Sunday, 30 August 2009

Uganda - MOH Day 3

Some people might say that a rest day, directly after the initial work day, is a little, lightweight, and frankly, i would have agreed with you before we actually came out here and did anything. However, we were all blessed that today is Sunday, and we couldn't work today, even if our already calloused hands would let us.

This allowed us to spend the day exploring the surrounding area, which started with a 1 hour rally/bus drive to the nearest town of Jinja. Jinja is home to the source of the River Nile as well as the burial site of Ghandi (though no one could quite explain why, answers on a postcard/email/twitter, much appreciated).

A brief boat trip took us up river, where we able to clamber up onto a small island and from there see the water ripple and bubble as it rose quickly out of the ground beneath. Before the river reached its current height, the source was a spring that would rise several feet out of the ground, now though, if you didn't know where to look, you may miss the swirl and negative currents as the Nile continues to grow.

Post river exploration, was followed immediately by a lunch at a local hotel. On Toby's recommendation, we all ordered a Tilapia fish. They are a local delicacy of these here parts and we were all curious to try the kind of fish you can eat 98% off. "Don't eat the lips" we were told by our guide, which raised several questions of A) whether fish actually have lips & B) Whether other parts of its anatomy such as the eyes, are free game (it is by the way, and is a required taste to say the least).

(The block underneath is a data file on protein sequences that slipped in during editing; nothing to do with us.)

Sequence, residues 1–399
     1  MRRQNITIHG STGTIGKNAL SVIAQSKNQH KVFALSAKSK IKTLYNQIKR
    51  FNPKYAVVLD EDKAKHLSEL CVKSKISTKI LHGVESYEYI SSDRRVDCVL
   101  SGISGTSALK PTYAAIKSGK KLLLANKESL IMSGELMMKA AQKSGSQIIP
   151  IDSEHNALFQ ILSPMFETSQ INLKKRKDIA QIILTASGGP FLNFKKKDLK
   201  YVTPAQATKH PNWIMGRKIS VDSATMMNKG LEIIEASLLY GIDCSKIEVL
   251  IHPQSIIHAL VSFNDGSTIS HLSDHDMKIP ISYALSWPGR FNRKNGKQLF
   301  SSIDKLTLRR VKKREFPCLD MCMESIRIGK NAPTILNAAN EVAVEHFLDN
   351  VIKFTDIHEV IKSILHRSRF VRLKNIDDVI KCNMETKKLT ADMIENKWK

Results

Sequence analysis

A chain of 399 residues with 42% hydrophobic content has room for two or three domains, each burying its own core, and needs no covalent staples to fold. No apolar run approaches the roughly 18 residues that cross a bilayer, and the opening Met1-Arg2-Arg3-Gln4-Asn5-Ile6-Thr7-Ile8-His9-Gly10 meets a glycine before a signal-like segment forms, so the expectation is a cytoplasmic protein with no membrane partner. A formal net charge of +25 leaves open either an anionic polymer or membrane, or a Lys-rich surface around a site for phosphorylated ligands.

After a hearty meal, we were whisked off to the Jinja Rapids, which is a true force of nature to behold. We rather Britishly kept our distance from the river edge, apart from a few keen photographers, and watched in disbelief as a young guy threw himself in from the top of the rapids, and rode the river down to the calmer waters, all for a princely sum of 2000 shillings (approximately 60p), only aided by what seemed to be an inflatable yellow ball, which he rode expertly through the rocks. Clearly bonkers.

On our way back, we stopped off at Lugazi Market, which is a fantastic amalgamation of fruit stalls, fish mongers, clothes shops and fridge shops and anything else you may want. We mixed in as best you can when you are clearly white, rich and dripping in camera gear (me especially), but gradually we were welcomed by the vast majority of the town and ventured about to take in the various smells and flavours. Mark experimented with some Yam, which i'm fairly sure he wont be doing again.

As the sun began to set over the town, we made our way back to the hostel to another tasty dinner courtesy of our cook Irene who had worked her magic on a chicken that had been given to us by an appreciative local. You don't get fresher than that, not even at Morrisons.

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